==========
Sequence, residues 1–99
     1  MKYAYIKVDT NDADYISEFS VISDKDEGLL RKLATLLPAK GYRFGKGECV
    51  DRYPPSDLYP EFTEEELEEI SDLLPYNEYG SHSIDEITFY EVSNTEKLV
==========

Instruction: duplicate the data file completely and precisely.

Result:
Sequence, residues 1–99
     1  MKYAYIKVDT NDADYISEFS VISDKDEGLL RKLATLLPAK GYRFGKGECV
    51  DRYPPSDLYP EFTEEELEEI SDLLPYNEYG SHSIDEITFY EVSNTEKLV